Again, let’s look at the ongoing inconvenience of maintaining that horde. The trouble with finding things, and the stress/guilt of living with a pile that I ignore 99 percent of the time outweighs my ability to respond to a hypothetical situation. Also, I could keep two pieces in the backyard shed instead of hundreds of pieces indoors and completely alleviate all fears related to a hypothetical emergency situation.

Ask the right question

Instead of asking yourself, “Will I need this some day?” consider the alternative question: “Is this stuff affecting the organized life I want?” If the answer — the honest answer — is yes, it’s time to let it go.

We’ve written several articles on letting stuff go. Consider today’s conversation one you can have with yourself at the very beginning of that process. While giving up some items can be tough, the cost of keeping those things can be even worse.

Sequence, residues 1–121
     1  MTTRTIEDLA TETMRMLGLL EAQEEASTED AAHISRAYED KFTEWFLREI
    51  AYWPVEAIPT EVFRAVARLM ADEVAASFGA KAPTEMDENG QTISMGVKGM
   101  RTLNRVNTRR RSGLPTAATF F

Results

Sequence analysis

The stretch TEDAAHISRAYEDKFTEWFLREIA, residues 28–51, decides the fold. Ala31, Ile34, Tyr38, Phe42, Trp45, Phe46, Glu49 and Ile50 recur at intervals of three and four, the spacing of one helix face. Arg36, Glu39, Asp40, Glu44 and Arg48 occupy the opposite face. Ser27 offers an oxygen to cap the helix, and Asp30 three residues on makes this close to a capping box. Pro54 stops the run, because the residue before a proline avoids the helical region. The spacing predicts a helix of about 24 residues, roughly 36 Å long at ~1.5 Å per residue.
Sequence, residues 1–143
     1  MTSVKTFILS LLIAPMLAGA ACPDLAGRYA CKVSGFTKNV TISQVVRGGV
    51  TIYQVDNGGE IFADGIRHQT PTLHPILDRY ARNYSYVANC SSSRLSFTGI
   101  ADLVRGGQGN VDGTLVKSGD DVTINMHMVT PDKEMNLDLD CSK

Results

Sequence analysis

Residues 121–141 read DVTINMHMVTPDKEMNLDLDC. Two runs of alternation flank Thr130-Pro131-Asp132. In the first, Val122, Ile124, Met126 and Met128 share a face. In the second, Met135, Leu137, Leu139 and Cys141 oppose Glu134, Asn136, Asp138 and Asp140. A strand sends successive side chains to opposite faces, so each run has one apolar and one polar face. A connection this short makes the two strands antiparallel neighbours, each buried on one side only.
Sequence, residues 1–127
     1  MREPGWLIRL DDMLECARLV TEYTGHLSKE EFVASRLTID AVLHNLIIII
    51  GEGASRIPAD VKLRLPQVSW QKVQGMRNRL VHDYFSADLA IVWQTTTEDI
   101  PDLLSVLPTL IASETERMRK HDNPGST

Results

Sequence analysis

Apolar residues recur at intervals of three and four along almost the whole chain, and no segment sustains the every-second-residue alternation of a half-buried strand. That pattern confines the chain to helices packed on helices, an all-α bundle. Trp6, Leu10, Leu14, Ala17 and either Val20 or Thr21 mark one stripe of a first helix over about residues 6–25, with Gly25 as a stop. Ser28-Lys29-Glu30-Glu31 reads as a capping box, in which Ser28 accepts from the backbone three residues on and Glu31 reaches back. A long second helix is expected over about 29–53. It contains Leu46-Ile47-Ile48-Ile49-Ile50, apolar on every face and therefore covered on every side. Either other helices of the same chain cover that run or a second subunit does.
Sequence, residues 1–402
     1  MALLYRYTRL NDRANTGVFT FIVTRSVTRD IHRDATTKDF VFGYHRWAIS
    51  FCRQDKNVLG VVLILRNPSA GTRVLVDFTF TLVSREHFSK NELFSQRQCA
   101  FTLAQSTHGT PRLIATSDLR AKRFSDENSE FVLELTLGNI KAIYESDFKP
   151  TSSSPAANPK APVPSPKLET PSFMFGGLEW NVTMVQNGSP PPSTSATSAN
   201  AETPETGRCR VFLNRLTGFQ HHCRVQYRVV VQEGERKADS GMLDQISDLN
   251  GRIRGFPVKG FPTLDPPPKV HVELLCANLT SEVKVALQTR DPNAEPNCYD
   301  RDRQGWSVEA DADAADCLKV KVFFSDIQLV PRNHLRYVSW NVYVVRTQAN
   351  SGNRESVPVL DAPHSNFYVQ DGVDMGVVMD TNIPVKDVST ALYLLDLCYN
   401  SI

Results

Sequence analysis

11 Comments for “Dealing with I-might-need-it-some-day thoughts”

  1. posted by Andi on

    This is a tough one for people, including myself. A hybrid solution for me is just to designate a spot for these items that is limited by space. That way I can only save the best of the best.

  2. posted by bev on

    the other question I always ask myself is *how difficult is this to replace?* To me that is key. If I can just go to the store down the street and get a new one then, it can be gone. But if it is a longer trip, or it was difficult to find the first time, it takes more thought to decide if it is worth keeping.

  3. posted by Pat on

    I have handle any number of things the same way that Andi has. This category of stuff has to fit on this shelf or in that bin or box. If i want to add to the stash and there is no room, something has to go. And usually, it is not hard to figure out which thing is the least valuable. Of course there are still many categories that I have not yet tackled! It’s a work in progress.